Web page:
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68.  In our Securities Offering Reform release, we noted that in 2004, the issuers that met the thresholds for well-known seasoned issuers represented accounted for about 95% of U.S. equity market capitalization. See Release No. 33-8591. The eligibility requirements for a well-known seasoned issuer and the $700 million threshold for a large accelerated filer are not the same because, unlike an accelerated filer, a well-known seasoned issuer may also be an issuer of non-convertible securities, other than common equity. Nevertheless, we believe that the numbers in the release for well-known seasoned issuers still provide us with a good approximation for our purposes.

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69.  OEA provided us with a list of companies that delisted their common stock or other common equity from a national securities exchange or NASDAQ during the 2003 calendar year from the CRSP Database. From this list, we identified the companies that met the accelerated filer definition for fiscal years ending on or after December 15, 2002. Then, we confirmed whether or not the accelerated filer continued to have an Exchange Act reporting obligation with respect to a class of debt or equity securities on the Commission's Electronic Data Gathering, Analysis, and Retrieval System (“EDGAR”). It is our understanding that the data in CRSP does not include a complete list of common equity traded on the OTC Bulletin Board, so our estimate may understate the actual number of companies that would be affected by our proposed revision to the accelerated filer definition.

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70.  In deriving these estimates, we used common equity data as an approximation for public float data from the Thomson Worldscope Global Database.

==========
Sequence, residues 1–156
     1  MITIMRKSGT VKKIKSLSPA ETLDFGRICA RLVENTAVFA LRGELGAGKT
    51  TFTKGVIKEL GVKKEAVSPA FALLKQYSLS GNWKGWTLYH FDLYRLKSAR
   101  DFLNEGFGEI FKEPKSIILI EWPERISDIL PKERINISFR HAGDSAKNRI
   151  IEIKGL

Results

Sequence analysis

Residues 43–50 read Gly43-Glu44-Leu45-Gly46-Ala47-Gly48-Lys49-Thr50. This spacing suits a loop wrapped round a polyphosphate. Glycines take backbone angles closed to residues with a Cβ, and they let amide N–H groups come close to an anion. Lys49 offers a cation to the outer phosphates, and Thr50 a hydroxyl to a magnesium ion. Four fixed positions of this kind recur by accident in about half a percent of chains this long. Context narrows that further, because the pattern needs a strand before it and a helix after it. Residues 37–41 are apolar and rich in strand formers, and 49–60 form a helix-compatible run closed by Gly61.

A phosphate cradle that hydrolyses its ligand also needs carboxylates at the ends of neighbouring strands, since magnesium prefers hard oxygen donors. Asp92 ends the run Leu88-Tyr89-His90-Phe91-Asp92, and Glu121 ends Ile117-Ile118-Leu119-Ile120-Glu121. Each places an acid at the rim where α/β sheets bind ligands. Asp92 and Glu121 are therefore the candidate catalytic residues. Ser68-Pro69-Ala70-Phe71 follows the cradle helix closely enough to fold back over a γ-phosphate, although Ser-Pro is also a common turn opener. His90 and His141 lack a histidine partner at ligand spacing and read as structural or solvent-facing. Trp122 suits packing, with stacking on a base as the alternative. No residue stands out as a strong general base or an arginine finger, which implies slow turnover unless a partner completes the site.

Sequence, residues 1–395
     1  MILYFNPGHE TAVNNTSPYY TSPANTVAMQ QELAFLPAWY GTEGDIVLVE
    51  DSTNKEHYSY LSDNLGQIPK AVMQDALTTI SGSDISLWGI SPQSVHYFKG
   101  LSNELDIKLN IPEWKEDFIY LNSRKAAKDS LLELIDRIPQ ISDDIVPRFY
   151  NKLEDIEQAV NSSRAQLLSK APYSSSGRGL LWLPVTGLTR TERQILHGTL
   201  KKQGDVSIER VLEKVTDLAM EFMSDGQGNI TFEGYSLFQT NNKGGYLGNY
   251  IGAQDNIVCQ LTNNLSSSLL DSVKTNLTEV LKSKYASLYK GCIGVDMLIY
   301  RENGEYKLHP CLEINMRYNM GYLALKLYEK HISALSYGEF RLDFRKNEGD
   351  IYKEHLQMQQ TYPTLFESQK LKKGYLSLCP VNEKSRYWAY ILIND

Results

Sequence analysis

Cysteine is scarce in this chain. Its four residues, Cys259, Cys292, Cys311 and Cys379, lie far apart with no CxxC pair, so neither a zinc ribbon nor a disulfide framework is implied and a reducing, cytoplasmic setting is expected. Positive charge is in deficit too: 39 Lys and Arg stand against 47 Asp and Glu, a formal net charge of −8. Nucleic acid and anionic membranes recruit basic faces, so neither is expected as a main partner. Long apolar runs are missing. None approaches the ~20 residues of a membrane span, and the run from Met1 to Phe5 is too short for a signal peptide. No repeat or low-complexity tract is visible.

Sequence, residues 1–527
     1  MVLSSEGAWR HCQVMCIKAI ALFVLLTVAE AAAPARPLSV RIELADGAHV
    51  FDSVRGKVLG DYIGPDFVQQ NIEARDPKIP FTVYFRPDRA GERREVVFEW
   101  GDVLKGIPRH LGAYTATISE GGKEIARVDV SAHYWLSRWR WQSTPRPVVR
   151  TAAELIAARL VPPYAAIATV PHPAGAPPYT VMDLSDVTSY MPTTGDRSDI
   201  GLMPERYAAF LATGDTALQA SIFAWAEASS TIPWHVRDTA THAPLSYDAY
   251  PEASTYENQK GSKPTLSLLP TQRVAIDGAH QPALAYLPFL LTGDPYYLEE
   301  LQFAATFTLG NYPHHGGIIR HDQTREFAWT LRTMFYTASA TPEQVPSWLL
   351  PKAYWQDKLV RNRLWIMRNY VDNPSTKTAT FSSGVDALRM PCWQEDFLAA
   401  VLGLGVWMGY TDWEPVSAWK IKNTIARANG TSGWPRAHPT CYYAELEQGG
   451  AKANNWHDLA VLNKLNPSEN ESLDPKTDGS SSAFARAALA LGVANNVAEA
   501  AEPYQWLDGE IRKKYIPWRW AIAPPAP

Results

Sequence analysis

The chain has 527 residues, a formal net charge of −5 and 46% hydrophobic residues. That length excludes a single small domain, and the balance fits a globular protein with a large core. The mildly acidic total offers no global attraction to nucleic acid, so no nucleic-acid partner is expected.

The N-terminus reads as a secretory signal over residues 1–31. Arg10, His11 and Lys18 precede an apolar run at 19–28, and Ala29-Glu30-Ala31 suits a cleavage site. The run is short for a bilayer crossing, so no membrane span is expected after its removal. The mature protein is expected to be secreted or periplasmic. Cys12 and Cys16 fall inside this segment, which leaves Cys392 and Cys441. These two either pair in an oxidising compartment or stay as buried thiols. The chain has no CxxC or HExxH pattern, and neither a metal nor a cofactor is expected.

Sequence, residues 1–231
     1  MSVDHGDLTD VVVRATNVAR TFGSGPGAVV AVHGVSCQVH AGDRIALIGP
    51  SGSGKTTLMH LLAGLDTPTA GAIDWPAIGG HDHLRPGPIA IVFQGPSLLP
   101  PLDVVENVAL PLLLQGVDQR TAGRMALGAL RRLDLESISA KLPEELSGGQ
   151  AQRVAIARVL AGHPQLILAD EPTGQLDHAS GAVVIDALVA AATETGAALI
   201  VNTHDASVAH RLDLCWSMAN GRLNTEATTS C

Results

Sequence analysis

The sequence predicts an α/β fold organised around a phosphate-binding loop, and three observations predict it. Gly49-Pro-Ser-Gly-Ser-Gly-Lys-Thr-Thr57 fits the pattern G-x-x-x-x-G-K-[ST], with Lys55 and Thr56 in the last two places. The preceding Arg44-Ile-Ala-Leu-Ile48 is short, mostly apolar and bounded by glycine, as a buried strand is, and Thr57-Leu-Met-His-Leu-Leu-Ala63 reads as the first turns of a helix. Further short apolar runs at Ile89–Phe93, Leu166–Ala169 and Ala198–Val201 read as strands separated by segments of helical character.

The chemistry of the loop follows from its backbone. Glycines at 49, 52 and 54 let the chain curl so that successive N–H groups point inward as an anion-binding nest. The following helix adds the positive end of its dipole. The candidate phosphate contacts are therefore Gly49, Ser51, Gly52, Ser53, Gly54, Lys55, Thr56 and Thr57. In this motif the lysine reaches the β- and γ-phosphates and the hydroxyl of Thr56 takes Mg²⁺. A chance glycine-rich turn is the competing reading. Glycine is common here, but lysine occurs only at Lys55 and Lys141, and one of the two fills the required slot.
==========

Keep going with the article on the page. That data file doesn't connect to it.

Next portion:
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71.  Pub. L. No. 104-121, Title II, 110 Stat. 857 (1996).

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77.  For purposes of the accelerated filer definition, the issuer must compute the aggregate market value of its outstanding voting and non-voting common equity by use of the price at which the common equity was last sold, or the average of the bid and asked prices of such common equity, in the principal market for such common equity, as of the last business day of its most recently completed second fiscal quarter.

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78.  It is our understanding that the data in the Compustat Database is derived principally from larger issuers, so our estimate could understate the actual number of issuers that would be affected by the proposals. This sample was taken in September 2005. Assuming that this sample is representative of small entities, the accelerated filer public float requirement has the effect of excluding almost all small entities from the definition.

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79.  We also noted that the accelerated filer deadlines have little, if any, effect on smaller entities. See Release No. 33-8129.

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80.  Based on data from the Thomson Worldscope Global Database, we estimate that only 25 companies had a public float of $75 million in 2003, but less than $25 million in 2004.

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[FR Doc. 05-19427 Filed 9-28-05; 8:45 am]

BILLING CODE 8010-01-P